LATELY, our preschooler insists that while he brushes his teeth, his dad count to 10 in Spanish. Then French—with guttural accents. Then “Dubai”, which means 10 grunts, each uttered in a different octave and each with its own bizarre facial expression. Teeth brushing has now gone from 5 minutes to 15, delaying bath and bedtimes, our son crumpling with giggles when Dubai comes around, foamy toothpaste streaming from his mouth. Rather than teaching proper teeth brushing skills and making it clear that people in Dubai do not count to 10 like cavemen on speed, my husband tries harder to make the boy laugh. Every. Single. Night. Someday, in language or cultural studies class, our son will find out our lie and feel betrayed by his parents. RECENTLY, honoring my son’s Ninjago obsession, I allowed him to watch Ninjago episodes without prescreening them. How violent could little Lego dudes in Ninja wear get, I thought, carelessly. The next time I let him watch Ninjago episodes, I watched with him. I cut the viewing short after 2 minutes. Little Lego sticks can do a lot of damage bonking everything that moves and knocking little Lego heads off of little Lego bodies with adequate sound effects, etc. What I did to ease the disappointed sobs from my son: switched to Power Rangers. LAST NIGHT, we had guests. I served up a fancy meal with a fun dessert. I served my son cheese pizza and a juice box, let him eat more than 3 petit fours and stay up far past his bedtime which, the rare occasions this happens, still means he rises at 6:30a.m., if not earlier. Today, he is a wreck. Now that’s good parenting!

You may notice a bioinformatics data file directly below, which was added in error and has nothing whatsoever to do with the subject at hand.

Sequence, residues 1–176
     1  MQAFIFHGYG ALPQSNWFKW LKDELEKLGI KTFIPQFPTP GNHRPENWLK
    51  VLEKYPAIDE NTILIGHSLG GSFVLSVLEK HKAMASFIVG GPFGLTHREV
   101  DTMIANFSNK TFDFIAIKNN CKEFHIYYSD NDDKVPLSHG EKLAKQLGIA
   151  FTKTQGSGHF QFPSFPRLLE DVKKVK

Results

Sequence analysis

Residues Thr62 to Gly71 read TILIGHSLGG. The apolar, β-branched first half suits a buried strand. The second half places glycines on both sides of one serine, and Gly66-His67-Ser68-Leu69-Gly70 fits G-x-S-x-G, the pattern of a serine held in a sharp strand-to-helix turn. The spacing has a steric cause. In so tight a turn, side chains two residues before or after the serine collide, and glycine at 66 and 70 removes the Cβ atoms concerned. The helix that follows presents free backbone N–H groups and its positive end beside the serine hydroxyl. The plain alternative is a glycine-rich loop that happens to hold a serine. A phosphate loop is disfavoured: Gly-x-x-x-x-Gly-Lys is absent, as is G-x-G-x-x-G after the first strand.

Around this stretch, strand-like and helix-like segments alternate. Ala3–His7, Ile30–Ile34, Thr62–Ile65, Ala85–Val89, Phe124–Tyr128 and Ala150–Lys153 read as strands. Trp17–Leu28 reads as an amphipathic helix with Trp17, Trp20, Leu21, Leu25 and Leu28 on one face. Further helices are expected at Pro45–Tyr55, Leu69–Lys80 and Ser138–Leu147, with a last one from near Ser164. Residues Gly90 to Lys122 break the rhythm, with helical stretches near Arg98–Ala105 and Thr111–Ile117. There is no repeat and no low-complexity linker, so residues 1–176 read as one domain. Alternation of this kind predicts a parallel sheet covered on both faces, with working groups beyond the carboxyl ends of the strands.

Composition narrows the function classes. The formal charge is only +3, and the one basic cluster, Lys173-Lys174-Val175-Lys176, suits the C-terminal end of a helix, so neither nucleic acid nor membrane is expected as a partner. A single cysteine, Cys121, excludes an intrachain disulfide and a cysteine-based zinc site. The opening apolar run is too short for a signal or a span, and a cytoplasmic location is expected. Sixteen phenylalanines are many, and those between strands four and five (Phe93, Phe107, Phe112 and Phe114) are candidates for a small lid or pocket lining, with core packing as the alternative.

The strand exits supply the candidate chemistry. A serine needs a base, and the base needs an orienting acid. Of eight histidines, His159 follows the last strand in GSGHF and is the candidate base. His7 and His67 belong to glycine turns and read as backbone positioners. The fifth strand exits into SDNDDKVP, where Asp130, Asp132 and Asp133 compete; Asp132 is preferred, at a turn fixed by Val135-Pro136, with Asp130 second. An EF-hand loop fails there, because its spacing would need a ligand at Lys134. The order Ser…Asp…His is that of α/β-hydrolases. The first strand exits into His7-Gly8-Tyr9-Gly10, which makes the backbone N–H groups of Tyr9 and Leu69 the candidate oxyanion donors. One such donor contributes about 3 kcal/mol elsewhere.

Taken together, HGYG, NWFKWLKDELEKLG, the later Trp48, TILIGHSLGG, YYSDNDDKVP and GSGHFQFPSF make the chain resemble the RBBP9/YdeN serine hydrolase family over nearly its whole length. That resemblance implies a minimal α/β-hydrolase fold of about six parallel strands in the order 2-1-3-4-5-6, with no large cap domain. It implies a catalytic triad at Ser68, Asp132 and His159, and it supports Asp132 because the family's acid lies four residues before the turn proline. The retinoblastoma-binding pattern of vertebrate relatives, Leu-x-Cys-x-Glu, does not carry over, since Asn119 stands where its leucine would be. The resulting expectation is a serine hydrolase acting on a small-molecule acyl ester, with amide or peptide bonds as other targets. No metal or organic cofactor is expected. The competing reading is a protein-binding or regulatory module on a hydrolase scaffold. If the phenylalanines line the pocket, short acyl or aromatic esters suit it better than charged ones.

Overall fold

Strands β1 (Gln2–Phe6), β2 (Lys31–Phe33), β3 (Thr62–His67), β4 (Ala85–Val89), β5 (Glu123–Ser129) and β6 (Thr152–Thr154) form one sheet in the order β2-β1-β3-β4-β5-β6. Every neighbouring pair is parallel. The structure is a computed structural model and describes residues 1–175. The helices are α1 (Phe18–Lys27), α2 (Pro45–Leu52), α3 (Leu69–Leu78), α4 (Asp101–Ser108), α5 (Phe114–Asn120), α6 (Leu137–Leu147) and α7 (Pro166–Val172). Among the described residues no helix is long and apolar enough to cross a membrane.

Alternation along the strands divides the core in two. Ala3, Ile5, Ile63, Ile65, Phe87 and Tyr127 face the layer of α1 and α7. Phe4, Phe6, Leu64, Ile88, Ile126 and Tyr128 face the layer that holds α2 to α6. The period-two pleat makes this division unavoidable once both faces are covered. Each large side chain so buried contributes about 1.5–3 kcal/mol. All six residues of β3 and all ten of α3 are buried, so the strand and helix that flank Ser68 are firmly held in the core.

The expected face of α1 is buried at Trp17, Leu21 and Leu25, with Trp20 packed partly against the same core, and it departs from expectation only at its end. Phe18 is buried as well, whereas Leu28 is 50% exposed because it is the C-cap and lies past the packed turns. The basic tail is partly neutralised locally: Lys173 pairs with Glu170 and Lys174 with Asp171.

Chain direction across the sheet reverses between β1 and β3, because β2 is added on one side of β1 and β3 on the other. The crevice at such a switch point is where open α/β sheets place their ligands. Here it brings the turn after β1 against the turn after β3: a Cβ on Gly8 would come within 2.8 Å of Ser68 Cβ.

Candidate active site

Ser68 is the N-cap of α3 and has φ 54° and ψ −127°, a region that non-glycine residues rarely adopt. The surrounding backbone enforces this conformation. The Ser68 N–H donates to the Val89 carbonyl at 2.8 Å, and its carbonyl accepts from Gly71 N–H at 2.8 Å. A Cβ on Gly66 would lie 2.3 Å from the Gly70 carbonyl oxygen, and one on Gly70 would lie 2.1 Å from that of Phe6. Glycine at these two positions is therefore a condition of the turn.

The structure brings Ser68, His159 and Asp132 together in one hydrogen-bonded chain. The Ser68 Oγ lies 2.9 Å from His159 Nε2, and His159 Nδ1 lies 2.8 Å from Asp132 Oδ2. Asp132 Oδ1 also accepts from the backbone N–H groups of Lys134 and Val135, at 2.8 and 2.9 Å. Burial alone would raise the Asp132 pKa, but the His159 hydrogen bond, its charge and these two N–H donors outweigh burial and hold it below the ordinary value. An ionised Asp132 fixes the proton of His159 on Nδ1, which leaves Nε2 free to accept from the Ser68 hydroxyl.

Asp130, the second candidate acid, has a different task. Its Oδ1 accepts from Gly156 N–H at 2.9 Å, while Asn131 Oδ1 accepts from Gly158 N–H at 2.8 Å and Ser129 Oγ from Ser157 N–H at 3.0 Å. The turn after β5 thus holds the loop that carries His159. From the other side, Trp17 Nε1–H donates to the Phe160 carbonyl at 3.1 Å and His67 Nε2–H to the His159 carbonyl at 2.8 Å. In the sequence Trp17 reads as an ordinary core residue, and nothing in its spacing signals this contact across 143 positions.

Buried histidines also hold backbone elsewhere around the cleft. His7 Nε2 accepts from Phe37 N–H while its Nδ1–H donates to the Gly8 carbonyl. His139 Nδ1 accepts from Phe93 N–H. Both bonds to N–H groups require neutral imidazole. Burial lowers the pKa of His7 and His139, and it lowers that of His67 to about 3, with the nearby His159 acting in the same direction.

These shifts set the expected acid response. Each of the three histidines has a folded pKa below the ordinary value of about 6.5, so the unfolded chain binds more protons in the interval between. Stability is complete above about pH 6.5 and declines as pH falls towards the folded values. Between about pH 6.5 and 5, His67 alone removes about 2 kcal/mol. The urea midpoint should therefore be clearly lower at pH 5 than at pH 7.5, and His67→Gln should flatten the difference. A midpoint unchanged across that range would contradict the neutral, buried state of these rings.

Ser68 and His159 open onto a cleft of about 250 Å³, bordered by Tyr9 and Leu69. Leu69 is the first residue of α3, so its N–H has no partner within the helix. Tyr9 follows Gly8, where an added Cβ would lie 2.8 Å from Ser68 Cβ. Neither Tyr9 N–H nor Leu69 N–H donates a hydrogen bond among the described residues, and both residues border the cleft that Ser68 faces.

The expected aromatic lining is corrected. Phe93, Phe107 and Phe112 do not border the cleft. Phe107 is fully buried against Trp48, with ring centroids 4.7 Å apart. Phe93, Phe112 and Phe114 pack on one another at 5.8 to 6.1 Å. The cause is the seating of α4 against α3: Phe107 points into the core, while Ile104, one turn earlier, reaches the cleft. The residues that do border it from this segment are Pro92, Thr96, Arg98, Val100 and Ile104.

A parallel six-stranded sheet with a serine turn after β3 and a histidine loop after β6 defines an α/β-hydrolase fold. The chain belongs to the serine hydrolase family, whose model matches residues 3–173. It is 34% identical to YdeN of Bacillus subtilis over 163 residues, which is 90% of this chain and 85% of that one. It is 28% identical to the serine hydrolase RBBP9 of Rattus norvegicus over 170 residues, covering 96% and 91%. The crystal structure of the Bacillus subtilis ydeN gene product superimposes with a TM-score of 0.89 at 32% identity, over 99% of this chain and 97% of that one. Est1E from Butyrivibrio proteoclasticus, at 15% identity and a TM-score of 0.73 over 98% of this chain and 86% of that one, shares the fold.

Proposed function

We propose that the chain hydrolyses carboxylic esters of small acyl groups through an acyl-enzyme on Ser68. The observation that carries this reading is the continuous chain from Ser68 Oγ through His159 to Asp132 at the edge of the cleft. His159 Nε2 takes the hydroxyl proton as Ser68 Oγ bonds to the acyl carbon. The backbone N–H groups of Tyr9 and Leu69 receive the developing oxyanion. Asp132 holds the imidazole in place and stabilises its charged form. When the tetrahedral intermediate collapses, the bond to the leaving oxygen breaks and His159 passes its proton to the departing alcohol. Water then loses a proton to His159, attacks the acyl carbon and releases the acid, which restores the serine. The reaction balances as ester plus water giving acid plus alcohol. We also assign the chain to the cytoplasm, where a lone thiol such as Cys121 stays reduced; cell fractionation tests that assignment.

PS. Happy Father’s Day.
PPS. Spinach pancakes for dinner tonight, no dessert.
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